Historical Changes in Channel Alignment along Lower Laguna de Santa Rosa and Mark West Creek

Publication Type  Report
Authors  Baumgarten S; EE Beller; RM Grossinger; CS Striplen; H Brown; S Dusterhoff; M Salomon; RA Askevold
Year  2014
Date  06/2014
Publisher  San Francisco Estuary Institute
Place Published  Richmond, CA
Key Words  Historical; Ecology; historic; historical ecology

Located on the western edge of the Santa Rosa Plain in Sonoma County, California, the Laguna
de Santa Rosa (Laguna) is the largest tributary to the Russian River and the second largest
freshwater wetland complex in northern California. One of the major tributaries to the Laguna,
Mark West Creek, flows west across the Santa Rosa Plain and connects with the Laguna just east
of Forestville.1 Together these freshwater systems provide habitat for a wide range of fish and
wildlife species, including the federally endangered coho salmon (Oncorhynchus kisutch) and
federally threatened steelhead trout (O. mykiss; Fawcett et al. 1990, CDFG 2004, Good et al.
2005, NMFS 2010). In addition, the Laguna functions as an important regulator of flood flows
on the Russian River by acting as a natural reservoir for storm runoff (Curtis et al. 2013). In
2010 the Laguna de Santa Rosa Wetland Complex was designated a Wetland of International
Importance by the Ramsar Convention on Wetlands (Ramsar 2014).
Over the past century and a half, the hydrology of the Laguna de Santa Rosa watershed has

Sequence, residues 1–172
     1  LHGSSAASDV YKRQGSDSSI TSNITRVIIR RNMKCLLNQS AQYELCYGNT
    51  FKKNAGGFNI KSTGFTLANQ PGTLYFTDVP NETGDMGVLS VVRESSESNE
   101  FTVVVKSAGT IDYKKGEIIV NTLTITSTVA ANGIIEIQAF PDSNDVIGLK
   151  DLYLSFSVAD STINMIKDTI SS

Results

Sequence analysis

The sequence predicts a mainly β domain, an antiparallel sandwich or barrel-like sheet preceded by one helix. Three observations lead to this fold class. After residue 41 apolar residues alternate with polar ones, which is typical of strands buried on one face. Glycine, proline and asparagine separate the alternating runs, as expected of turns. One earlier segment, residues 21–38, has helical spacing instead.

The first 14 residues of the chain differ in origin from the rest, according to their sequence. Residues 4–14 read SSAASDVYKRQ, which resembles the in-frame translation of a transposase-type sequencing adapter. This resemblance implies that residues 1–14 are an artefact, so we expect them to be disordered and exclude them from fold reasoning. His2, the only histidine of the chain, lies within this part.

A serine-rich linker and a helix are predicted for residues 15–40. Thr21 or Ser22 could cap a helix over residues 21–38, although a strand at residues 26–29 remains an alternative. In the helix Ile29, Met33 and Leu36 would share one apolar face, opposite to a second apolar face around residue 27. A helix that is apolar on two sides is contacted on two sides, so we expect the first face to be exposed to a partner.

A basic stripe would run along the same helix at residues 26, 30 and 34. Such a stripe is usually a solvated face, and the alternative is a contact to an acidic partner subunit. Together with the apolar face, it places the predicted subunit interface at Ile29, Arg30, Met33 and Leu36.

been altered by a variety land use changes, including urbanization, agricultural development,
draining and filling of wetlands, and channelization of streams. These changes have impacted
the function of the Laguna and Mark West Creek and contributed to a range of contemporary
management problems, including habitat degradation, impaired water quality, altered
sediment dynamics, salmonid stranding, flooding, and trash accumulation (Honton and Sears
2006, Sloop et al. 2007, Potter and Hiatt 2009, Curtis et al. 2013). In the downstream portion
of the watershed (herein referred to as the lower Laguna region), major changes in the historical
channel alignment of lower Mark West Creek have altered flow and sediment dynamics
in both Mark West Creek and the Laguna.
Pinpointing the timing and location of historical changes in channel alignment will help managers
seeking to improve the ecological, hydrologic, and geomorphic functioning of the lower
Laguna region. Understanding the nature and context of these changes will help direct a path
toward future restoration efforts. To address this need, we collected, compiled, and synthesized
a wide range of historical documents in order to reconstruct 1) the channel alignment of lower
Mark West Creek, lower Laguna de Santa Rosa, and surrounding tributaries during the mid-
19th century, and 2) the major changes to channel alignment over the past 150 years. Despite
the major land use changes that have impacted the ecological functioning of streams and
wetlands within the region, many remnants of the historical landscape still exist, and many of
the physical controls that shaped the landscape in the past continue to operate today. Thus,
examining the historical landscape and the processes that sustained it can not only reveal the
underlying causes of contemporary management challenges, but can also improve our ability
to predict the outcome of proposed management efforts and to design successful, integrated
strategies for stream restoration, flood protection, sediment management, and other watershed
concerns. This research was conducted as part of the Laguna de Santa Rosa Historical Ecology Initiative, a broader suite of ongoing historical ecology studies intended to improve
our understanding of past landscape patterns and processes throughout
the region and to support an array of interlinked management activities.

HistoricalChangesChannelAlignmentLagunaMarkWest_SFEI_2014.pdf9.73 MB